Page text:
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NCJ Number: 77744 Add to Shopping cart Find in a Library
Title: Assessing the Relationship of Adult Criminal Careers to Juvenile Delinquency - A Study of Three Birth Cohorts - Final Report
Author(s): L W Shannon
Corporate Author: University of Iowa
Iowa Urban Community Research Ctr
United States of America
Date Published: 1982
Page Count: 947
Sponsoring Agency: National Institute of Justice/
Rockville, MD 20849
University of Iowa
Iowa City, IA 52242
US Dept of Justice
Grant Number: 79-JN-AX-0010
Sale Source: National Institute of Justice/
NCJRS paper reproduction
Box 6000, Dept F
Rockville, MD 20849
United States of America

National Institute of Justice/
NCJRS Publication Sales
Box 6000 Department F
Rockville, MD 20849
United States of America
Document: PDF
Type: Report (Study/Research)
Language: English
Country: United States of America
Annotation: Birth cohorts from 1942, 1949, and 1955 in Racine, Wisc., were studied to determine whether adult criminal careers can be predicted from records of juvenile delinquency.
Abstract: The cohorts included 6,127 persons, of whom 4,079 lived continuously in Racine from at least age 6 until the cutoff dates of 1974 for the first two cohorts and 1976 for the third cohort. Interview data from 889 subjects from the 1942 and 1949 cohorts and data on police contacts, referrals, and court dispositions for all the subjects were analyzed. Comparison of the three cohorts showed that overall rates of contact with the police did not increase from cohort to cohort as much as did rates of police contact for the more serious offenses such as assault, burglary, theft, and robbery. Delinquency among females increased even more than it did among males. However, changes in police administrative and recording procedures probably caused part of the increase in contacts. Although police contacts were widespread among juveniles, few developed adult criminal careers. Police contacts and more serious contacts were concentrated in the inner city and related areas. A small proportion of the population was continuously and seriously involved with the police throughout their lives. The seriousness of their crimes gradually increased from contact to contact among males, although the progression was not systematic. The significant effect of juvenile crime seriousness on adult crime seriousness persisted even when the intervening effects of juvenile referrals and sanctions were held constant. Data indicated that to reduce delinquency rates and such continuities between juvenile and adult crime as do exist, steps must be taken to modify the operation of community institutions, including the school system, police forces, and the system under which sanctions are applied. Procedural and institutional changes suggested by the findings are described. Extensive tables, charts, graphs, appendixes presenting study instruments and additional findings, and about 300 references are provided.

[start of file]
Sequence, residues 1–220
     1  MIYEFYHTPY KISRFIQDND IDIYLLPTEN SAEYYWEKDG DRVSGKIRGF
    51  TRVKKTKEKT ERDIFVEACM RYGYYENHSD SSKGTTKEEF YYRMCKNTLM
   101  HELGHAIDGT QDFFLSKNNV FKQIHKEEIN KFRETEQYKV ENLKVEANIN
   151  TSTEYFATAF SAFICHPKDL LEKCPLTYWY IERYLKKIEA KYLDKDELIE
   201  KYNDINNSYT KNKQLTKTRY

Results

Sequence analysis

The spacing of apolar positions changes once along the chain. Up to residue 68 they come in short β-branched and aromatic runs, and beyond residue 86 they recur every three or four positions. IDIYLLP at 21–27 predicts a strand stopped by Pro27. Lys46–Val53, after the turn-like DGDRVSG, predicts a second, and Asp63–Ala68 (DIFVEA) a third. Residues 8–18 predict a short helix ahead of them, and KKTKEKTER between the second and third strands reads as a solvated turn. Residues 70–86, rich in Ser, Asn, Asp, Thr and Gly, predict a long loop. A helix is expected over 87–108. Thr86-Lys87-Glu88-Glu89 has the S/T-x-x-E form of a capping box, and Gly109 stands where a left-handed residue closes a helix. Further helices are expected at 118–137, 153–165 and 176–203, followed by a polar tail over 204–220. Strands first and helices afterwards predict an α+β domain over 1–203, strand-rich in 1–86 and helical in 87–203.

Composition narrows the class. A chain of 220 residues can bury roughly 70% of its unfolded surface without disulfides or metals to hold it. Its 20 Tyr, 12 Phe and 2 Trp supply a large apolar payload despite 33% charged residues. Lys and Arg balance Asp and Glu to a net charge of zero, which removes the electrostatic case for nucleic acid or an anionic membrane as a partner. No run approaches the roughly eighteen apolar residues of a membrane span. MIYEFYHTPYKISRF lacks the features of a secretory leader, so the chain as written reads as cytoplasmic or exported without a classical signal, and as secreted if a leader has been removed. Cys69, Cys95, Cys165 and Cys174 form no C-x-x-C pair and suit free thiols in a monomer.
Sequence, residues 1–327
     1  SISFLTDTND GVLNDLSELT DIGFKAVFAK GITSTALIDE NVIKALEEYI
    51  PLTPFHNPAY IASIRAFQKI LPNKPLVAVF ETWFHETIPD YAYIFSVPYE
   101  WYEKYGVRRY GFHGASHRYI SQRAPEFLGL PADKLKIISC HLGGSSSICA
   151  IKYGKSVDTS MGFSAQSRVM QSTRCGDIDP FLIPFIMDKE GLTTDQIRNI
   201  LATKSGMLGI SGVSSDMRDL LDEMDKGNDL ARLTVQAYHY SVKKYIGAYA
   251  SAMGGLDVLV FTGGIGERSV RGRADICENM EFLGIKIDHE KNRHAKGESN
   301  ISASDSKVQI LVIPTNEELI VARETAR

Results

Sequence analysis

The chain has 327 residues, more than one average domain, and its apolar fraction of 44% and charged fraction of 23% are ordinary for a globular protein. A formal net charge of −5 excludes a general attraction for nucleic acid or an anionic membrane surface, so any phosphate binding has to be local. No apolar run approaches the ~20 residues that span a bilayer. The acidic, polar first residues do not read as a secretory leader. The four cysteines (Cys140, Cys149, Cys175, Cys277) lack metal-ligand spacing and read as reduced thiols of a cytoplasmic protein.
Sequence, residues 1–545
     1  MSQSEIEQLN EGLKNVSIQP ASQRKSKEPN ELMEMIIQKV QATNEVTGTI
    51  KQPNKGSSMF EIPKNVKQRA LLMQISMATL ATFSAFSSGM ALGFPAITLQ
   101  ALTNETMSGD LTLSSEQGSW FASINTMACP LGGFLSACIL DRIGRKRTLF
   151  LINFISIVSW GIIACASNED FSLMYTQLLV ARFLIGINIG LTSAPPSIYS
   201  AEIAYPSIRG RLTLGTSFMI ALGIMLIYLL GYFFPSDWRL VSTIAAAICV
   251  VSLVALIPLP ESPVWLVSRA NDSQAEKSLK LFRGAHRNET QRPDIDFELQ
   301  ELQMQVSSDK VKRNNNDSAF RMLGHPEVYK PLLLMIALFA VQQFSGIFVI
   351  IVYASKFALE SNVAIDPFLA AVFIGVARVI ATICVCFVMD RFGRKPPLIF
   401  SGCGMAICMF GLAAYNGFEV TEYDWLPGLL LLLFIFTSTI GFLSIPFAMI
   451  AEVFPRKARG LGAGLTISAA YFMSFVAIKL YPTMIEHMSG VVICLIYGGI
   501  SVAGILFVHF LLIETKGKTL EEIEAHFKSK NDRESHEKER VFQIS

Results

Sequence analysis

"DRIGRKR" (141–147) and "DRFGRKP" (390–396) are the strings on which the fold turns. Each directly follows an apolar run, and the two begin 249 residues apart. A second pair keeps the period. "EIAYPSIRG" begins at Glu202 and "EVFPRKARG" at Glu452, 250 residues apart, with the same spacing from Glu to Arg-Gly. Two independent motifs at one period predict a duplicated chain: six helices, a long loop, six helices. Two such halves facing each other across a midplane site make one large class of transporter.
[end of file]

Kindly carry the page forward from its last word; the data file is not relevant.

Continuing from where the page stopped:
Index Term(s): Adult offenders; Criminality prediction; Effects of imprisonment; Habitual offenders; Juvenile recidivists; Juvenile to adult criminal careers; Longitudinal studies; Wisconsin
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